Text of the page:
Tuesday, November 16, 2010

Der Zauber der Boheme

I had a batch of papers to grade this past week.  Experience taught that my emotional equilibrium might be benefited by some pleasant potential distraction.  I chose "Der Zauber der Boheme," (also known as "The Charm of La Boheme") a film I've had out from the NYPL for weeks without finding the time to watch.  The plot is billed as a parallel to "La Boheme," the draw of the film lying in its principal singers/actors, Marta Eggerth and Jan Kiepura.  Used DVDs on Amazon are outrageously expensive, but it is available as a Quicktime download directly from the Bel Canto Society.  It's a tearjerker; it could with justice be called rührselig.  With a high tolerance for the sentimentality of sentimental '30s and '40s films, and for a certain amount of secondary-character situational comedy, it's very enjoyable fluff.  (I confess that I ignored the some of the broadest bits of comedy and the most maudlin of melodrama in favor of the papers.)  Here (embedding disabled) is a clip from the finale of the opera, and the almost-finale of the film.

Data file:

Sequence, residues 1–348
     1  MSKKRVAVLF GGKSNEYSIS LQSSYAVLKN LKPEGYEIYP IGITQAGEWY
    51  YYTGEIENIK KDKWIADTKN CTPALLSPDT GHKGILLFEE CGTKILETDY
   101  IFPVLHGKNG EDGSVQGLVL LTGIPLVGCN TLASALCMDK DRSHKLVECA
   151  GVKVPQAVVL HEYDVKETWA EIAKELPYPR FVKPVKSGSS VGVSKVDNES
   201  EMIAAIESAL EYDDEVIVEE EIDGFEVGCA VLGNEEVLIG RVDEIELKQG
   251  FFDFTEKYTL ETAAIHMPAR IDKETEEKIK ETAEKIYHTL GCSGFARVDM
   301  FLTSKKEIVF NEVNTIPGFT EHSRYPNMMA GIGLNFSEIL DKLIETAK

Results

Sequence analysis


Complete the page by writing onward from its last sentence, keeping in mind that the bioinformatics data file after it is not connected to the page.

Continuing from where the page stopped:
It's not a piece I would necessarily recommend as film, but it was for me a happy way to expand my knowledge of opera singers chronologically backwards.  I'm pretty sure the film was supposed to be set in Paris, but everyone speaks German with a bit of a Viennese twist (which gives me warm fuzzy feelings.)  The English subtitles are both non-optional and sparse, sometimes laughably selective.  The chemistry between the two principals is palpable and winning (they would marry a year after the film's release, and remain devotedly so until Kiepura's untimely death.)  Further research led me to this 2008 Times article on Eggerth, and this retrospective CD collection covering over six decades (!!) of her singing.  Formidable.  YouTube has quite a few selections uploaded by her devotees, mostly singing jazz/swing, but also with some operetta and lieder.  I would probably watch the probably ridiculous Schubert biopic (for some value of "biopic"!) from which this appears to be taken:

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